1. Introduction

Container terminals are the important hub nodes of the global logistics network, and the container terminal handling system (CTHS) has typical characteristics of nonlinearity, hierarchy, dynamic, timeliness, randomness, context-sensitivity, coupling, and complexity (NHDT-RCCC) [1, 2]. As a result, the layout programming, process design, job planning, task scheduling, resource allocation, and collaborative decision of CTHS, which are abbreviated as PDP-SAD, all are of nondeterministic polynomial completeness (NPC), and these have been the focus and difficulty of the theoretical research and engineering practice for operations research and logistics industry.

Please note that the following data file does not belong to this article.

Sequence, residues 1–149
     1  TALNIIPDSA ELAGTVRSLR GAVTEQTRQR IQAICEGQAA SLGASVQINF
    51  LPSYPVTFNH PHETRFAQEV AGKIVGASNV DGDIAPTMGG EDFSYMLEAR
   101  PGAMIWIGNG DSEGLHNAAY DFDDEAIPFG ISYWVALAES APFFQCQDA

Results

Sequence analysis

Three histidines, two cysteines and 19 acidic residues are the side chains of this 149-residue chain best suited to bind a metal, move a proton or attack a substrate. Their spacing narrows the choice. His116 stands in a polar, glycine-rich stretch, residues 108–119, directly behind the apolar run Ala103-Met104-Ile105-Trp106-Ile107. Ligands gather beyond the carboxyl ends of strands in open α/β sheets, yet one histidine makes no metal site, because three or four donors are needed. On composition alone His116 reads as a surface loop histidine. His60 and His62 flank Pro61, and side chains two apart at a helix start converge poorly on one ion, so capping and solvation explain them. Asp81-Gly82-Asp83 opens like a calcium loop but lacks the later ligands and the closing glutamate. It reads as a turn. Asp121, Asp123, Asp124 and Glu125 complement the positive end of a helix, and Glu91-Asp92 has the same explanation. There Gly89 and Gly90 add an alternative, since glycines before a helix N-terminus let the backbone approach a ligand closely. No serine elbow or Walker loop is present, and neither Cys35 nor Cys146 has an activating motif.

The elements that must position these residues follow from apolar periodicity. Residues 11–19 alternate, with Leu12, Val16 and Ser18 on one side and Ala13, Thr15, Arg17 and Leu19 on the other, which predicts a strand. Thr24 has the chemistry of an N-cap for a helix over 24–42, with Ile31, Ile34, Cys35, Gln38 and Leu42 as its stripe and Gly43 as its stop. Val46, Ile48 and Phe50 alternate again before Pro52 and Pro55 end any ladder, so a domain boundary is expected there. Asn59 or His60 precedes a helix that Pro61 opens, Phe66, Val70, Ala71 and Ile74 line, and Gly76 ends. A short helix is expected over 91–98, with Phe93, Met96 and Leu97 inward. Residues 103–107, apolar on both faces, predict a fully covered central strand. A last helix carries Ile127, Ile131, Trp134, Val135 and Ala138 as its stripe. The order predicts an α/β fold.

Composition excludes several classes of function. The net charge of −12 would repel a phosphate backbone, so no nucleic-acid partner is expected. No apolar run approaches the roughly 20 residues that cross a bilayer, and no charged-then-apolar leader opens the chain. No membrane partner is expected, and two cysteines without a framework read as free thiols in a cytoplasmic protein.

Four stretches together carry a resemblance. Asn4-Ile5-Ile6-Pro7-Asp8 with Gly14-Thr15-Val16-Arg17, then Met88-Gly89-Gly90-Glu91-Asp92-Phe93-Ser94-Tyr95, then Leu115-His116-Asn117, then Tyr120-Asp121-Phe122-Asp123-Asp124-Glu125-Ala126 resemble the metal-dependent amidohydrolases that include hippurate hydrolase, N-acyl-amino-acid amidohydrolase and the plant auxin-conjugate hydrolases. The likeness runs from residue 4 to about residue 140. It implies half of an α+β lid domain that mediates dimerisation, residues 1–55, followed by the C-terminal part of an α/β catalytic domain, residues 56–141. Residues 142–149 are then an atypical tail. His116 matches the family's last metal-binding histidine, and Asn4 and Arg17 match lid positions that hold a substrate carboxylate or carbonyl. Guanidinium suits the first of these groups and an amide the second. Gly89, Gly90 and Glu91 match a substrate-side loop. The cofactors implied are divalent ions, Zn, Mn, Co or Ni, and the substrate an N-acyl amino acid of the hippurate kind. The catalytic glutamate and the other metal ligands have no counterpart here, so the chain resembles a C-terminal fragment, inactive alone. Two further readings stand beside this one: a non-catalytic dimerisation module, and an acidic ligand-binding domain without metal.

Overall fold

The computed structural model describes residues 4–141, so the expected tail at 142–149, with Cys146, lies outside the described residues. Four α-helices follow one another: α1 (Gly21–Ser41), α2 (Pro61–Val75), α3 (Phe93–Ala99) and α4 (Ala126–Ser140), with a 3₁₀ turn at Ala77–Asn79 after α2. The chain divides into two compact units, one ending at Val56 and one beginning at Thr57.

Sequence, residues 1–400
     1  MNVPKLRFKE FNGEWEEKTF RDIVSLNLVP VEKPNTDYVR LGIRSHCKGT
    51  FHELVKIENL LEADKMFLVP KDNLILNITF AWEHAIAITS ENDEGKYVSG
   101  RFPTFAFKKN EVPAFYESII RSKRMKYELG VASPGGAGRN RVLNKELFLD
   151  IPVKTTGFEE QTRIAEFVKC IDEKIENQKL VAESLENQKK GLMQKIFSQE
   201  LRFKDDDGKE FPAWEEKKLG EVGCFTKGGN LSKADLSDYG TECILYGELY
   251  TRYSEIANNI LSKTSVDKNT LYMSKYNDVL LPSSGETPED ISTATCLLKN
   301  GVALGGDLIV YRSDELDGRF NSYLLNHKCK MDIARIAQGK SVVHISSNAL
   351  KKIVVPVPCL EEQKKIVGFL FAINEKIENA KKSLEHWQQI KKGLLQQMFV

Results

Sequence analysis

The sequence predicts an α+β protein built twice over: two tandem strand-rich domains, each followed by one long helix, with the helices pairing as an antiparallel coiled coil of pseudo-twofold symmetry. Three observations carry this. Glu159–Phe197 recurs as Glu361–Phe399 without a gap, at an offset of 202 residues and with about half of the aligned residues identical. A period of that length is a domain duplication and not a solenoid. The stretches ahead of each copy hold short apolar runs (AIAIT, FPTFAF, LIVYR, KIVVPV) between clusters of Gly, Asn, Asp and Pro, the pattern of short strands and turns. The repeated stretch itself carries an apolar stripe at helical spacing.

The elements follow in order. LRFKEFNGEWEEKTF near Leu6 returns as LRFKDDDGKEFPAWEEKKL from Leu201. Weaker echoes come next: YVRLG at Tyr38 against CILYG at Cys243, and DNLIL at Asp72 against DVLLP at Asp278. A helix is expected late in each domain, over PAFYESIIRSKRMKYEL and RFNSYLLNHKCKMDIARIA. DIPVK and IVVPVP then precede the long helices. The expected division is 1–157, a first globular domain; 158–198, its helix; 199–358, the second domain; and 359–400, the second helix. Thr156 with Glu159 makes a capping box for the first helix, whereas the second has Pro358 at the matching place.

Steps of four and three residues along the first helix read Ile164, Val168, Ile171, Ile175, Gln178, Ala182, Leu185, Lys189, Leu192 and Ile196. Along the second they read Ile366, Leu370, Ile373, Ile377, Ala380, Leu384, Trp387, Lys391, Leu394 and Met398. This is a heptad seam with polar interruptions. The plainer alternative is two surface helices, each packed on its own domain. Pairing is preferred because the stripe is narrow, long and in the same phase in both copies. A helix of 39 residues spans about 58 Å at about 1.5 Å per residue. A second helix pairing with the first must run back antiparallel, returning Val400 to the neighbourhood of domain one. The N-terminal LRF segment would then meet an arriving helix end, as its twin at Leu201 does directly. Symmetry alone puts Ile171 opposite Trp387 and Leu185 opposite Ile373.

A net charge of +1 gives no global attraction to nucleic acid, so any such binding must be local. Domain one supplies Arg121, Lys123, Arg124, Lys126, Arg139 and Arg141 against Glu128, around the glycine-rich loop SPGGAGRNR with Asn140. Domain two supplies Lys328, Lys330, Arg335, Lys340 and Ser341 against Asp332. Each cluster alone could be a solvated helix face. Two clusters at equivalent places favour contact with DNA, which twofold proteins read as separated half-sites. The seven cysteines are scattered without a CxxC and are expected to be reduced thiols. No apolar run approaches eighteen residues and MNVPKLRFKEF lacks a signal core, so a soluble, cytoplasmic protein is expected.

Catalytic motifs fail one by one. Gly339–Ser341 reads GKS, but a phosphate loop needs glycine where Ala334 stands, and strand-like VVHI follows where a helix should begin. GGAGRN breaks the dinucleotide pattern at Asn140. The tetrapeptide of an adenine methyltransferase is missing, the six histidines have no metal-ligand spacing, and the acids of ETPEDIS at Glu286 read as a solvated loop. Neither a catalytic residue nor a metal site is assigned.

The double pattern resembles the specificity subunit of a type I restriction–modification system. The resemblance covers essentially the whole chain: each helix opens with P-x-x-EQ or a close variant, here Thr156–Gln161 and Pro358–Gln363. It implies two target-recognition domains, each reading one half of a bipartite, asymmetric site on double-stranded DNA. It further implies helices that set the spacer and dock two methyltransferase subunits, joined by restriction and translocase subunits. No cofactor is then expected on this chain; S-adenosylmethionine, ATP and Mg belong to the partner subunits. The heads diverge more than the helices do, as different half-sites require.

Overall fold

A lot of scholars have a number of discussions on the PDP-SAD in CTHS with various methods, such as layout design [3], berth allocation [4], quay crane planning [5], yard crane scheduling [6], and integrated scheduling [7]. Nevertheless, a large number of difficult problems in CTHS remain to be solved and new ones emerge one after another with the rapid development of the port and waterway industry. Consequently, a very obvious trend is that more and more automated and intelligent methods and means are applied to CTHS gradually. Kavoosi et al. proposed the augmented self-adaptive parameter control strategy for evolutionary algorithm to solve berth scheduling problem [8]. Rekik and Elkosantini suggested a multiagent approach for the reactive and decentralized control of container stacking in an uncertain and disturbed environment [9]. More importantly, the machine learning and deep learning both have been applied to the PDP-SAD at container terminals slowly, such as container relocation problem [10] and container premarshalling problem [11].